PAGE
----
DECATUR — Monday evening’s Decatur City Council meeting was a tale of two cities: on the one hand moving ahead with bold neighborhood revitalization and, on the other, grappling with a projected budget deficit of more than $5 million.
Council members unanimously backed a resolution to approve an agreement with the Howard G. Buffett Foundation which commits the foundation to spend $8 million on curb and gutter reconstruction, sidewalk upgrades and alley paving in the Johns Hill neighborhood.
This 24-block area bounded by Martin Luther King Jr. Drive, East Wood, East Cantrell and South Jasper streets is already in receipt of a $1.2 million commitment by the foundation to demolish abandoned homes and generally tidy up the area. And further plans envision building moderate income housing and perhaps rehabilitation of existing properties.
Monday’s council meeting also unanimously approved spending $1.2 million of taxpayer money to replace outdated lead and galvanized water lines in the neighborhood to prepare the way for the foundation’s improvement work.
Looking at the overall huge effort to revitalize the area, Councilman David Horn said: "I think this is going to be a transformative project for the Johns Hill neighborhood."
Councilman Chuck Kuhle described the partnership between the city and the foundation and the neighborhood as a "win-win-win" and Mayor Julie Moore Wolfe said it was empowering the city to achieve something it could not hope to afford on its own.
And those dwindling city coffers also showed up on Monday's agenda. A financial report from the city treasurer outlined the drain on municipal finances imposed by the loss of tax and other revenues linked primarily to the COVID-19 pandemic.
Income is lagging budget projections and those projections are now warning of a deficit of $5 million and climbing.
City Manager Scot Wrighton, in a previous budget briefing document, predicted things are likely to get worse before they get better as most economic forecasters say 2021 revenues will be down on 2020 levels.
“This means that the City of Decatur’s $5 million-plus 2020 general fund revenue shortfall will be substantially greater in 2021,” Wrighton said in the document.
And, commenting before Monday’s meeting, Deputy City Manager Jon Kindseth said the city will have to draw on cash reserves to cover the shortfall and get through this financial year.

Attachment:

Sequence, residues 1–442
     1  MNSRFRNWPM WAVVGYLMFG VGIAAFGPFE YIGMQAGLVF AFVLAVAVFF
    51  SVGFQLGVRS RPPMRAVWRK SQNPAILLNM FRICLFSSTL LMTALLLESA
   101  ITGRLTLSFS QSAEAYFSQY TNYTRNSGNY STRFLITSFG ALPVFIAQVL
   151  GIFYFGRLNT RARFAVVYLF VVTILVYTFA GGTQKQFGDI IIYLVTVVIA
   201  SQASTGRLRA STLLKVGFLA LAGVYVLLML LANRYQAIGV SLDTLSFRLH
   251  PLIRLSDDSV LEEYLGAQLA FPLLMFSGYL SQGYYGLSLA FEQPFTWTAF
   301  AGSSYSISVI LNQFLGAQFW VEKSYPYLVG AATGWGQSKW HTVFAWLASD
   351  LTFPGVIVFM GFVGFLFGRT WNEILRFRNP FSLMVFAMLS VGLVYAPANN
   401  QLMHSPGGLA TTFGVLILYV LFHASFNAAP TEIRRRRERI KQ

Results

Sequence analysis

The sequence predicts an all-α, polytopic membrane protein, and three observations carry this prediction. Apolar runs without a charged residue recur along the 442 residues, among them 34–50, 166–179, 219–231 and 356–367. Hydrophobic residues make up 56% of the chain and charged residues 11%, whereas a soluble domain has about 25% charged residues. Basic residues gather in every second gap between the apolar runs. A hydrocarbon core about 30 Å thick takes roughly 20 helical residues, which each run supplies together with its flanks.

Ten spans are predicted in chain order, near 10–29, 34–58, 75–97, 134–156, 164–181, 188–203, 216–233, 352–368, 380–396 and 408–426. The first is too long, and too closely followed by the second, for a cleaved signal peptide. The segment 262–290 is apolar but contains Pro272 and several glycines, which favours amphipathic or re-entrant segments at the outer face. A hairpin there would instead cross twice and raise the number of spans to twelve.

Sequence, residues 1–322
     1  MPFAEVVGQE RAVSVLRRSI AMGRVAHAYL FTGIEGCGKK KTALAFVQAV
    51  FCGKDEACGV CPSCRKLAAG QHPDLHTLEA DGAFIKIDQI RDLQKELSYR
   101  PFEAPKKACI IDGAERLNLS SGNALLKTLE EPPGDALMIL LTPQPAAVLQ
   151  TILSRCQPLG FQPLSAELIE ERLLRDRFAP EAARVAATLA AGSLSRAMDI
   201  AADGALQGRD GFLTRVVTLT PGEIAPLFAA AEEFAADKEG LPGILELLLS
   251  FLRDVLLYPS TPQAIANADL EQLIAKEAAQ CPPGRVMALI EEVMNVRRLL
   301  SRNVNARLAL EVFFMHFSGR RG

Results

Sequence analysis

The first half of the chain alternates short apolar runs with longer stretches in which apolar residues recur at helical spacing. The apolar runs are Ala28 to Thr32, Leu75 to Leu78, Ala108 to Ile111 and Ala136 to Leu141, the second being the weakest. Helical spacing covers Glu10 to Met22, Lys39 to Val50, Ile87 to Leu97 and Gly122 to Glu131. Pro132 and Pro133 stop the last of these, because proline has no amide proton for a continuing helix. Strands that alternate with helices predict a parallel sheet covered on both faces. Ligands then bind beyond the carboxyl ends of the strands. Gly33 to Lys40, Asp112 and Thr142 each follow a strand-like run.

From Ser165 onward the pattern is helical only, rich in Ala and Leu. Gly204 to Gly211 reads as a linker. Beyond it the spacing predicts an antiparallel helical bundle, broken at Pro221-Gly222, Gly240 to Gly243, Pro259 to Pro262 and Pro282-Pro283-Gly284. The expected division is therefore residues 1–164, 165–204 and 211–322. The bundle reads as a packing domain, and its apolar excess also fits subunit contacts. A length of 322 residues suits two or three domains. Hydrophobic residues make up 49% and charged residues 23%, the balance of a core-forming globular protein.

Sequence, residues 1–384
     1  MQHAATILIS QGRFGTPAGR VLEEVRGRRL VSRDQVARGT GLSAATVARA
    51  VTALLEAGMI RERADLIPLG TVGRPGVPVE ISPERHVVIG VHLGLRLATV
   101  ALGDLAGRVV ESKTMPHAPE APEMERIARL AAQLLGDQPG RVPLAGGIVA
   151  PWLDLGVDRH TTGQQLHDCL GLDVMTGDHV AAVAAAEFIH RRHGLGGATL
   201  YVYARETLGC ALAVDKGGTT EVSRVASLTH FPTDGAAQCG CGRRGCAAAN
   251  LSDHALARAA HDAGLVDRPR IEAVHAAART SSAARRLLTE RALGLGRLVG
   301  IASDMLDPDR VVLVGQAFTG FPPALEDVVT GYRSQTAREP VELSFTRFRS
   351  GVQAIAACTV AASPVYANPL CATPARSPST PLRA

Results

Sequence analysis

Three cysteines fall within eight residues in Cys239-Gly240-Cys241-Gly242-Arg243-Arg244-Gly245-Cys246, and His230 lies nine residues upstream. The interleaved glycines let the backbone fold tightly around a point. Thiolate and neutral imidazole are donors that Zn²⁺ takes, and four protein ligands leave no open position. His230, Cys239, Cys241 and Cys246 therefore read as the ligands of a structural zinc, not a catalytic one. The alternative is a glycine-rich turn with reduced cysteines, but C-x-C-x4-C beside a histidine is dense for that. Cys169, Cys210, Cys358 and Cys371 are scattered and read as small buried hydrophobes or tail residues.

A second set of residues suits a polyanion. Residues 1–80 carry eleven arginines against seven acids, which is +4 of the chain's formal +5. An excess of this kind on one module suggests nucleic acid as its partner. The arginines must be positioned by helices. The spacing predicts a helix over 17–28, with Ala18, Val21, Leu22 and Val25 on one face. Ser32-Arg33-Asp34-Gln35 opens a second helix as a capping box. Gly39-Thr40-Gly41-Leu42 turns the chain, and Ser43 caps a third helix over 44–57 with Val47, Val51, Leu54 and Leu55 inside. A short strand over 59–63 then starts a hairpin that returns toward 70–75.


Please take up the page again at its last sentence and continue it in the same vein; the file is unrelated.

“Obviously, you can’t sustain that long-term so there is going to have to be a tightening of the belt in 2021,” he added.
The nature of further cuts has yet to be worked out but Kindseth said the city was already undertaking what remedial action it could by not filling certain jobs and cutting other expenses. General fund outlays are currently $4.5 million below what the city’s budget had predicted they would be, for example.
“So we are offsetting some of our revenue losses with reductions in expenditures,” Kindseth added. “And we will need to be more creative next year to try to make our expenditures not exceed our revenues.”
In other business, the council narrowly approved amending city code to allow for planting and maintenance of native plants and landscapes in yards and lots.
The city also signed off on the demolition of a building at 1200 E. Cantrell Street which was damaged when it was hit by a car in July. The property once housed a 1930s dance hall.
History photos: Aerial views of Decatur
1947: Eastward aerial view
1958: 3-deck parking
1960: 1st Methodist church
1960: William street
1960: Municipal Decatur Public Library
1960: Eldorado and Main
1960: Herald & Review building
1961: Citizens National Building
1963: Lincoln Square construction
1963: Lincoln Square construction
1966: Looking East
1966: South of business area
1966: Looking West
1966: West Main
1966: Illinois Bell Bldg.
1966: North business area
1966: Downtown looking North
1968: Looking East
1968: Urban renewal
1968: West aerial
1978: Razed buildings
1980: Changing appearance
1980: Downtown work
1981: Rt 121 & I-72
1984: Decatur Family YMCA
1985: Central Park
1987: Macon County Building.
1988: Law Enforcement Center
Contact Tony Reid at (217) 421-7977. Follow him on Twitter: @TonyJReid